CustomMapping

See alse: Rules for mappings

This is a sample project that explaines how custom member mappings can be added to the ExpressionObserver database.

Standard the ExpressionObserver 'knows about' System.Linq.Enumerable methods. It knows how to translate these to Obtics.Collections.ObservableEnumerable methods. Thanks to this information it can generate live Linq expression out of standard static Linq expressions. This information also give it the opertuntiy analyse 'inner lambda functions' used by Linq methods for observable entities. Usualy such 'inner lambda functions' form a boundary because the ExpressionObserver doesn't know how the method uses that lambda.

Part of the example describes a little bit of code that I find quite usefull and that object Linq (Enumerable) laks:

    public static partial class MyEnumerable
    {
        struct Pair<T, K> : IComparable<Pair<T, K>>
        {
            public T _T;
            public K _K;

            public int CompareTo(Pair<T, K> other)
            { return Comparer<K>.Default.Compare(_K, other._K); }
        }

        public static T ElementWithMax<T, K>(this IEnumerable<T> sequence, Func<T, K> keySelector)
        { return sequence.Select(t => new Pair<T, K> { _T = t, _K = keySelector(t) }).Max()._T; }
    }


This bit of code declares an extension method that allows you to pick the element out of a sequence that has something the most. In the CustomMapping example it is the person with the latest birthdate.
You could use the OrderBy() and First() methods from Enumerable to get the same effect but sorting an entire sequence takes time on average of the order 'n log n' where just taking the max value will take time of the order 'n'.

Now when this method would be used in an expression passed to ExpressionObserver with the intention of getting a live expression it wouldn't work:

        ObservableCollection<Person> _Persons = new ObservableCollection<Person>();

        public ObservableCollection<Person> Persons { get { return _Persons; } }

        public IValueProvider<Person> YoungestPerson
        { get { return _YoungestPersonF(this); } }

        static Func<Window1, IValueProvider<Person>> _YoungestPersonF =
            ExpressionObserver.Compile(
                (Window1 t) =>
                    t.Persons.ElementWithMax( p => p.Birthdate )
            );


Expression observer doesn't know about 'ElementWithMax'. It doesn't know how p => p.Birthdate is being used. Should it keep track of every Birthdate property accessed via this function? How often is it going to be accessed? The result of ElementWithMax is not observable. At what events from t.Persons should it let ElementWithMax recalculate the result?

The result is that YoungestPerson is as dead as it would be with plain Linq.

ExpressionObserverMappingAttribute

With the ExpressionObserverMappingAttribute it is easy to tell ExpressionObserver what it should do with ElementWithMax. First we need to create one or two live versions of ElementWithMax:

    //NOT using System.Linq here !
    using Obtics.Collections;

    public static partial class MyEnumerable
    {
        public static partial class Observable
        {
            public static IValueProvider<T> ElementWithMax<T, K>(IEnumerable<T> sequence, Func<T, K> keySelector)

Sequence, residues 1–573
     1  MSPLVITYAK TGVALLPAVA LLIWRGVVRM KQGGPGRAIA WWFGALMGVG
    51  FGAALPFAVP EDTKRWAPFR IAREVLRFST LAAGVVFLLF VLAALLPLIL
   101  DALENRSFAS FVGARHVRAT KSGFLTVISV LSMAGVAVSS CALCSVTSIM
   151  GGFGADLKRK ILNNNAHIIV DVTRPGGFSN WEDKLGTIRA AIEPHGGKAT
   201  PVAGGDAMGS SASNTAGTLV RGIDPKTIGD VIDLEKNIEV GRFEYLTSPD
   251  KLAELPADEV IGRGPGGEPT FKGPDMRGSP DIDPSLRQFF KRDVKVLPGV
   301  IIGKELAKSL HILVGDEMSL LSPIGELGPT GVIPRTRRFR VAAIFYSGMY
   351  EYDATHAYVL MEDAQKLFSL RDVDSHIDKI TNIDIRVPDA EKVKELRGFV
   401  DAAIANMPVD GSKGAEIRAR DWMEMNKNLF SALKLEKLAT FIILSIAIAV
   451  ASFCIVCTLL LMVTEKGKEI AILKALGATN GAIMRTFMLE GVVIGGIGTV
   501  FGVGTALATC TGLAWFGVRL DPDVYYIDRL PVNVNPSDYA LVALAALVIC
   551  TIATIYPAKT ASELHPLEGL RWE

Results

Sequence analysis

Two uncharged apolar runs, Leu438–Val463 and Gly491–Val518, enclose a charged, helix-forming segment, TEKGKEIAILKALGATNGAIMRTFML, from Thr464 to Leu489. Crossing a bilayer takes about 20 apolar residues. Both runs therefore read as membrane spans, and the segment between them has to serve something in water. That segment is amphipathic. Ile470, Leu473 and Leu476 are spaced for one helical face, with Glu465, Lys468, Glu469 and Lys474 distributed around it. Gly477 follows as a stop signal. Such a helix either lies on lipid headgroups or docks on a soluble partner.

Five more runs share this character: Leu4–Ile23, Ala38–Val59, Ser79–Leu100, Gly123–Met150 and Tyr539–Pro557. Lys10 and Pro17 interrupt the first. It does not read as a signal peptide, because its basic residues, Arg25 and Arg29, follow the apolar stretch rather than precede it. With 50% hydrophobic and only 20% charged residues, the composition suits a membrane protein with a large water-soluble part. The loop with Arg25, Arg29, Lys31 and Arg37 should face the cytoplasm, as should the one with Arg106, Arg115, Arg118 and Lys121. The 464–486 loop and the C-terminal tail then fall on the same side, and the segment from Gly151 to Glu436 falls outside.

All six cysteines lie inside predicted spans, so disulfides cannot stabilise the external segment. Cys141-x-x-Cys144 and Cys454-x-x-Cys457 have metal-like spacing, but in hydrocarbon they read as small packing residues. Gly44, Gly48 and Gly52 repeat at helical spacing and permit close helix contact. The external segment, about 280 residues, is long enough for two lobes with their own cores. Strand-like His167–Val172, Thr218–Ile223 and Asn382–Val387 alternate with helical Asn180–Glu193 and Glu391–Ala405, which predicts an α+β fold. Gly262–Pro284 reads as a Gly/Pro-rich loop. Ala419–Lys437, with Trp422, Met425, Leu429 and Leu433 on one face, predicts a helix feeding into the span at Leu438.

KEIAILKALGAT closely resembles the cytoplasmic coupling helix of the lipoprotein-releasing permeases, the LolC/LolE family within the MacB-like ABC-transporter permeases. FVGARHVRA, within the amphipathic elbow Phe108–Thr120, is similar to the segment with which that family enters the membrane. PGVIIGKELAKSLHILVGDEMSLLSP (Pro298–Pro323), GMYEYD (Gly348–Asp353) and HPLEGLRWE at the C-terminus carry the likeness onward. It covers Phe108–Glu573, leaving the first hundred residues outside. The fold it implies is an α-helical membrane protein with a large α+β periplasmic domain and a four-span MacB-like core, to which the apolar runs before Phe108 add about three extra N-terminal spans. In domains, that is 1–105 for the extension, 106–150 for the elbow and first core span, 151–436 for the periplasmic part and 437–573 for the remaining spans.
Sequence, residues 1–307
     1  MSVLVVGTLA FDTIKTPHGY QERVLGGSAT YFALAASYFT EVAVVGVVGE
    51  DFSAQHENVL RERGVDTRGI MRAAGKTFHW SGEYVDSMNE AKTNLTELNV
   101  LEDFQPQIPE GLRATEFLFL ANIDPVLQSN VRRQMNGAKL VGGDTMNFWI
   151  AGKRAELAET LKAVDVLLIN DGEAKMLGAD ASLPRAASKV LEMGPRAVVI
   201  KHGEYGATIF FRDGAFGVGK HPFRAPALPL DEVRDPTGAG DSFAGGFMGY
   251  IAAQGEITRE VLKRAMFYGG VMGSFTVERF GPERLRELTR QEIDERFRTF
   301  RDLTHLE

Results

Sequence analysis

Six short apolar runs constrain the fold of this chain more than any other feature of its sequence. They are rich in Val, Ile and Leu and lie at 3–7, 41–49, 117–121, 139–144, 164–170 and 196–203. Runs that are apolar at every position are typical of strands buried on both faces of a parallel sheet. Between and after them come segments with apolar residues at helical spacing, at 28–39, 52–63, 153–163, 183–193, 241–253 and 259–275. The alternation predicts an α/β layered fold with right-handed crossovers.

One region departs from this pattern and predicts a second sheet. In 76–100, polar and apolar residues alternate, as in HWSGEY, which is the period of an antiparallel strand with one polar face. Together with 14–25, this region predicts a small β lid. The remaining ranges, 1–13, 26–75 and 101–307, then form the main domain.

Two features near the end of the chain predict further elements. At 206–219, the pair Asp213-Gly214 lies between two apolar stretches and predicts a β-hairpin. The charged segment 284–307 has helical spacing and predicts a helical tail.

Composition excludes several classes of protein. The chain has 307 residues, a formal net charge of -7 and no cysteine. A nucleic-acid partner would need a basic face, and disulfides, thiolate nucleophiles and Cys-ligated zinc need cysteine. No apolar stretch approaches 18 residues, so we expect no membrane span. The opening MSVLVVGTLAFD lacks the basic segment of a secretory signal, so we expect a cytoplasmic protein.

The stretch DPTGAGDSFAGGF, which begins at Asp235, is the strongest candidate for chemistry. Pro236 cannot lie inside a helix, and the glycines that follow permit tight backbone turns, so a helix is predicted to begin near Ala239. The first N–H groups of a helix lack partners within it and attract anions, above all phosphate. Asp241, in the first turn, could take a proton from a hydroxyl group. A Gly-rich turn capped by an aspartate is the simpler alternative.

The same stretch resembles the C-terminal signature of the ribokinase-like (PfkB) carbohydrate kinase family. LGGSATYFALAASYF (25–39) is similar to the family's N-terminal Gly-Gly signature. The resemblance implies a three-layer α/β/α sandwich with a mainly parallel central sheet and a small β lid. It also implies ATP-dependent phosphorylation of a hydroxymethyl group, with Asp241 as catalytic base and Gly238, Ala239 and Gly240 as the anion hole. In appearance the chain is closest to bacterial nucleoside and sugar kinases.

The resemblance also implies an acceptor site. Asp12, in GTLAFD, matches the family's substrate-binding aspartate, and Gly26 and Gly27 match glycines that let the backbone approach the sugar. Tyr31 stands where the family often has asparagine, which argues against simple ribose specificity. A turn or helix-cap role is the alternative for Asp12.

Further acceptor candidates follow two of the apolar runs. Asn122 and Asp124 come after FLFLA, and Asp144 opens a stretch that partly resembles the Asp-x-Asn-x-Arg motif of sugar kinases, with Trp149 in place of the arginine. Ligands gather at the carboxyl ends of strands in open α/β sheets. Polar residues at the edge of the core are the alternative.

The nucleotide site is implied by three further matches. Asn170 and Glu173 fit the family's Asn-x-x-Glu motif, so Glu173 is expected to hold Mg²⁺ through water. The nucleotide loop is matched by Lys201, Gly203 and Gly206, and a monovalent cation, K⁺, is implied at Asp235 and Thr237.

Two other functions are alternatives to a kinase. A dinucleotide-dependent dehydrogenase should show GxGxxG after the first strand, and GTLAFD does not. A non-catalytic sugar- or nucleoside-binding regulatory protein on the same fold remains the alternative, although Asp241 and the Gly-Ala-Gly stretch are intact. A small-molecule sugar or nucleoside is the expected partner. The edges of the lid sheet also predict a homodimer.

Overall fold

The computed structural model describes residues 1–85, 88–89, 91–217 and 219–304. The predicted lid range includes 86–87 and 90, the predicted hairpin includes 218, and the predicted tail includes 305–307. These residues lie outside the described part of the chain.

{ return sequence.Select(keySelector, (t,ks) => new Pair<T, K> { _T = t, _K = ks(t) }).Max().Select(p => p._T); }

            public static IValueProvider<T> ElementWithMax<T, K>(IEnumerable<T> sequence, Func<T, IValueProvider<K>> keySelector)
            { return sequence.Select(keySelector, (t,ks) => ks(t).Select( ValueProvider.Static(t), (k, t2) => new Pair<T, K> { _T = t2, _K = k })).Max().Select(p => p._T); }
        }
    }


These are two live variants of ElementWithMax, the second more so than the first. You wouldn't just replace the original implementation with these versions. They have a cumbersome signature and are way to heavy to use in situations where reactivity and observability are not needed.

The trick is to tell ExpressionObserver to use one of these versions instead of the original one when it rewrites an expression.

    public static partial class MyEnumerable
    {
        struct Pair<T, K> : IComparable<Pair<T, K>>
        {
            public T _T;
            public K _K;

            public int CompareTo(Pair<T, K> other)
            { return Comparer<K>.Default.Compare(_K, other._K); }
        }

        [ExpressionObserverMapping(typeof(MyEnumerable.Observable))]
        public static T ElementWithMax<T, K>(this IEnumerable<T> sequence, Func<T, K> keySelector)
        { return sequence.Select(t => new Pair<T, K> { _T = t, _K = keySelector(t) }).Max()._T; }
    }


Here we tell ExpressionObserver to look for live versions of ElementWithMax in the class MyEnumerable.Observable. It will find here both ElementWithMax methods. When it rewrites an expression it will try to use the least live version possible. The more live an expression is the more entities need to be tracked for changes and therefore the more expensive the expression is.

Now when the ExpressionObserver tries to rewrite the YoungestPerson expression it finds that it should use the second alternative. It doesn't need to wory how the method uses the lambda since the method itself takes care of that. This means that ExpressionObserver can safely fully analyse the inner lambda for observable entities. The result of the alternative is observable and the method knows how to respond to changes in the Persons collection.

YoungestPerson will be reactive to changes in both the Persons collection and Birthdate properties of the individual elements.

Last edited May 15, 2009 at 1:28 PM by Throb, version 2

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